Geek-turned-Teacher Year 2: The Classroom From Hell
The Classroom From Hell
I’d heard the story many times: the principal hands you the keys to an empty classroom, wishes you good luck, and then disappears. Sink or swim. It wasn’t going to happen to me. I’m no fresh-out-of-college twentysomething who had a cushy three-month internship teaching angels. I was a Computer Science graduate, mid-thirties, married, and had twelve years experience in the business world. Corporate takeovers, layoffs, bigoted bosses, company politics were all notches in my belt. Plus, I’d spend an entire school year interning at a Title I school with some pretty tough kids. I could handle a classroom of 8- and 9-year-olds.
First up was the classroom itself. It was a train wreck. Three teachers had come and gone in one school year and had left remnants of their hasty exits everywhere. I should have known then. So I set about sorting through the mess as best I could. I made cute bulletin boards, arranged textbooks and desks, the usual new teacher stuff. I remember going in to school each day that summer and passing by another teacher’s classroom on the way to my own. Every day I would peek in her door and marvel at what her classroom looked like. One day, I got up the nerve to knock and introduce myself. She was wonderfully nice and had been at the school for a number of years. As I gawked at how perfectly decorated her classroom looked, she complained that she still had much work to do and the room wasn’t ready. And this was in June. I felt about 3 inches tall.
At last the first day of school arrived. Somehow I had managed to make my room look presentable. The colors and decorations look sharp, students’ names were on their desks on on the board, book were neatly arranged for each of them. I taught a special education class with students in the 1st and 2nd grade. I had 10 students and a full-time teacher assistant. This should be no problem…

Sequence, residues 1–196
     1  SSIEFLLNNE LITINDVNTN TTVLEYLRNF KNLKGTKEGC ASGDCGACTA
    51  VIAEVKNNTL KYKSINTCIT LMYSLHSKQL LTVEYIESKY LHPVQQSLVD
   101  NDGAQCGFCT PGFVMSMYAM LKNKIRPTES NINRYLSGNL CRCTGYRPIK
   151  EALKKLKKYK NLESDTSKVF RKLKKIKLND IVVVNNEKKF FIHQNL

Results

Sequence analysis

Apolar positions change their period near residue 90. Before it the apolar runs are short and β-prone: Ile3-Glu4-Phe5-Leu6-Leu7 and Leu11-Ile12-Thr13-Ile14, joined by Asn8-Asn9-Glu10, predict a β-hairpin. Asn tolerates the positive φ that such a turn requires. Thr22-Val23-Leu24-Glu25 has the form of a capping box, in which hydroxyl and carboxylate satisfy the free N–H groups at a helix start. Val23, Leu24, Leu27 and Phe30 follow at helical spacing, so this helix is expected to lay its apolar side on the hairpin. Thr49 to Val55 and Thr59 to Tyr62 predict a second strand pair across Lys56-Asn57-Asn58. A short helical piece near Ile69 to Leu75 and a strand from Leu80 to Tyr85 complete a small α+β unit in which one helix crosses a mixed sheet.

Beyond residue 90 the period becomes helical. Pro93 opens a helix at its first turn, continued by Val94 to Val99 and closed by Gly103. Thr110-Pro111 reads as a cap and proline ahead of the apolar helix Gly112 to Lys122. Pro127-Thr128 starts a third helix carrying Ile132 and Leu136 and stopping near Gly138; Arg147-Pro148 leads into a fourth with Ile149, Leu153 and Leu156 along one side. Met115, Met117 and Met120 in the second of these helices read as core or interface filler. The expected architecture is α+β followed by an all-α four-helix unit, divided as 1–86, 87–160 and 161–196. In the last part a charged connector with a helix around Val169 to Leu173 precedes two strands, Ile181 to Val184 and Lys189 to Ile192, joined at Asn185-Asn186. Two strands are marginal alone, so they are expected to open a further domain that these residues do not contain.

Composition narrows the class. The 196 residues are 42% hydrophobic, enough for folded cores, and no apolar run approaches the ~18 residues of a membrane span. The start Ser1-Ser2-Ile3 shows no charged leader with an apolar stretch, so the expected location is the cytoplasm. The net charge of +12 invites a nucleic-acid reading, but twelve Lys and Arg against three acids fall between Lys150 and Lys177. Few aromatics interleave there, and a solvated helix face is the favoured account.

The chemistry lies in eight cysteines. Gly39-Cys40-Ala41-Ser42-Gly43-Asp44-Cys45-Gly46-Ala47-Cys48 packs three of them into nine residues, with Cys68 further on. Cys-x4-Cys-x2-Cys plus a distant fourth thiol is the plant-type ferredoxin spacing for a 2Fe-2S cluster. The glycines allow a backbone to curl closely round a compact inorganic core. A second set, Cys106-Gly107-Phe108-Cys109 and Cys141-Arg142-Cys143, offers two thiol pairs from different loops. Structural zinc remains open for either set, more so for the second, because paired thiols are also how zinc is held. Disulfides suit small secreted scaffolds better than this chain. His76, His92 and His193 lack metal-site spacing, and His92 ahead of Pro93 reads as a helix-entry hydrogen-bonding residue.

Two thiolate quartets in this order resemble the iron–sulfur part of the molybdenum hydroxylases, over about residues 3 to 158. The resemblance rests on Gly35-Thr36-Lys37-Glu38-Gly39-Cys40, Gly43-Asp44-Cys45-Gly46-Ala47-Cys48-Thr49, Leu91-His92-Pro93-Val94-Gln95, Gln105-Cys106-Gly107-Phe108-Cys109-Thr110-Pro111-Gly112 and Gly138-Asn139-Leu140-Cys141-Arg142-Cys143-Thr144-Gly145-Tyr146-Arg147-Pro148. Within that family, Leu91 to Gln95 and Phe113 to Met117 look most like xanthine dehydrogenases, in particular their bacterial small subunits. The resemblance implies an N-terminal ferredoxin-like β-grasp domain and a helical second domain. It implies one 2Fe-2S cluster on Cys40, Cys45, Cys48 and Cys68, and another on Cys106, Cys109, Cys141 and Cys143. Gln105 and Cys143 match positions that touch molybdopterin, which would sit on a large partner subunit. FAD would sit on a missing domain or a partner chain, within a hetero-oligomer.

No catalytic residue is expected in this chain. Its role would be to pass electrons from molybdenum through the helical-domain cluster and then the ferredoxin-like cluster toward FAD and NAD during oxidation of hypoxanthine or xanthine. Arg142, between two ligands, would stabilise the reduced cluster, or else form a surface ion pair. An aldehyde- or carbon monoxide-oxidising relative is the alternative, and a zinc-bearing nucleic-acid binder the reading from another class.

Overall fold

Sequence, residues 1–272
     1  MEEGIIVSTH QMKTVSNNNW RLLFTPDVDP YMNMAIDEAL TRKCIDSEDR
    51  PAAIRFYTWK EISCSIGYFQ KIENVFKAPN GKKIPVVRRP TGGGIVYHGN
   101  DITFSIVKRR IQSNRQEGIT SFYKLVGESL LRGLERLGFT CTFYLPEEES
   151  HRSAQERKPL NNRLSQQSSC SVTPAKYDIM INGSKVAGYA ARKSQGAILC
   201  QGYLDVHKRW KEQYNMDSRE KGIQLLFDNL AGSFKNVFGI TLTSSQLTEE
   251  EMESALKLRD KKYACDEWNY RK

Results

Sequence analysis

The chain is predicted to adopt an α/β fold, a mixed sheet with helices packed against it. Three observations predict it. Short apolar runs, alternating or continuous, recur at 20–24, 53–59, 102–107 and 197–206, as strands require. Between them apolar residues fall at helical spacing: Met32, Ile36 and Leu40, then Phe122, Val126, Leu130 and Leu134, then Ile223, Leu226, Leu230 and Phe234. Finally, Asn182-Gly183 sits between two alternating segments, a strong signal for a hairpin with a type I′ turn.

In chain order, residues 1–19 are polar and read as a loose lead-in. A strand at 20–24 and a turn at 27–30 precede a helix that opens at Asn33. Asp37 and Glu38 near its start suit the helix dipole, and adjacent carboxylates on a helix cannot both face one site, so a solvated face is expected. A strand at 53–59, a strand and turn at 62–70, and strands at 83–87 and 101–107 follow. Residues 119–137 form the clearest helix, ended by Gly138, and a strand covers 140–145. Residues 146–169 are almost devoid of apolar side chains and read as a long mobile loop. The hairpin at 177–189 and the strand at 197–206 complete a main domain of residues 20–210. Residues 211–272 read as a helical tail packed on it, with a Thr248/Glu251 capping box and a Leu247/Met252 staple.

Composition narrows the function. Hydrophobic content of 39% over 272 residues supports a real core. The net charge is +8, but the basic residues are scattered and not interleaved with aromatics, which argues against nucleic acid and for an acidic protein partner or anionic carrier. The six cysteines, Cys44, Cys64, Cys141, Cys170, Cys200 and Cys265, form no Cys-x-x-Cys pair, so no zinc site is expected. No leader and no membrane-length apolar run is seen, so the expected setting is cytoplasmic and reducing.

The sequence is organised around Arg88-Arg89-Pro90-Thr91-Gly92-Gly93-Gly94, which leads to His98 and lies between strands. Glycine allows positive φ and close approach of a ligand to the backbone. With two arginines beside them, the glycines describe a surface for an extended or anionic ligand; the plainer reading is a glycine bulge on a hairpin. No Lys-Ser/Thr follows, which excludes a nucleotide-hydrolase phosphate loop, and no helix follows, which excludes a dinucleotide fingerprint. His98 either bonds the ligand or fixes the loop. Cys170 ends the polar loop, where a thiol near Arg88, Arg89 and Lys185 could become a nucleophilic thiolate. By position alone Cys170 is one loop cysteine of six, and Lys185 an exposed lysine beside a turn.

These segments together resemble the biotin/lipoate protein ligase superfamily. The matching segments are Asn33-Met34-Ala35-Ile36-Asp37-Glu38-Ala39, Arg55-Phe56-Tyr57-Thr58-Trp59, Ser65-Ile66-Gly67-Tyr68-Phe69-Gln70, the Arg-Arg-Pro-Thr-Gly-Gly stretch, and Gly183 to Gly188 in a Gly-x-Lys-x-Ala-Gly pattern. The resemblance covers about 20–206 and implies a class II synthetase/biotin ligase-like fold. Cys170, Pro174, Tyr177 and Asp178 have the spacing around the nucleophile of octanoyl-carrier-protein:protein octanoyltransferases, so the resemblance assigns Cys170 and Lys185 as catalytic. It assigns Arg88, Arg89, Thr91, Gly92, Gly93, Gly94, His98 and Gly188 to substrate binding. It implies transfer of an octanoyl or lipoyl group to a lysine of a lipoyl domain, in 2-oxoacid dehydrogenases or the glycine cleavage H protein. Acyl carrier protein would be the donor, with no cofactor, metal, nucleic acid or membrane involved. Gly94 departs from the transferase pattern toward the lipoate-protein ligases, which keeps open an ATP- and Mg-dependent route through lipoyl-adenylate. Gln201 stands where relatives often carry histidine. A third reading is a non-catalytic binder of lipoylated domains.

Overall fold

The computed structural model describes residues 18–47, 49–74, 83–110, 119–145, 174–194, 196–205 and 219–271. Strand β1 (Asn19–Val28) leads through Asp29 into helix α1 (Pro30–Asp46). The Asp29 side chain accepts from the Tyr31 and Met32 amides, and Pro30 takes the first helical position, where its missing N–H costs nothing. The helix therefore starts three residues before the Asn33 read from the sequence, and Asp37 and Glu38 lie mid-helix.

Then the children arrived…
Those first two weeks were a blurry nightmare. The girls cried and had bathroom accidents at least once a day. The boys enjoyed stabbing each other with sharpened pencils, screaming profanity, and diving headfirst from their desks. I was in utter hell. My teacher assistant tried to help as best she could but it was more than she could handle too. My carefully crafted lesson plans were forgotten as I struggled to keep the kids from killing each other. Eating and sleeping were unknown concepts to me, as I tried to figure out how to survive this daily horror. My wife did her best to support me, even getting me a shiny new color iPod to try to cheer me up. Every time I would turn to the teacher next door for help, I would have to walk away because I would break down with frustration. Yes, these children made a grown man cry.
Finally, I couldn’t take it anymore. I went to the principal’s office and prepared to leave the teaching profession. As I sat down, the principal looked at my face and said, “It’s too much for you, isn’t it?” I didn’t even have to say anything because it was so obvious I was in far over my head. I couldn’t believe this was ending. I had invested almost two years of my life to get to this point and it would be over after two weeks. But luck was on my side. Incredibly, the resource special education teacher, who serviced students in other classrooms throughout the school, wanted to have her own classroom. The principal proposed this teacher observe my class and, if she wanted to, we would switch places. I couldn’t believe what I was hearing. I quickly set things up and it worked out.
I felt like I had been released from prison.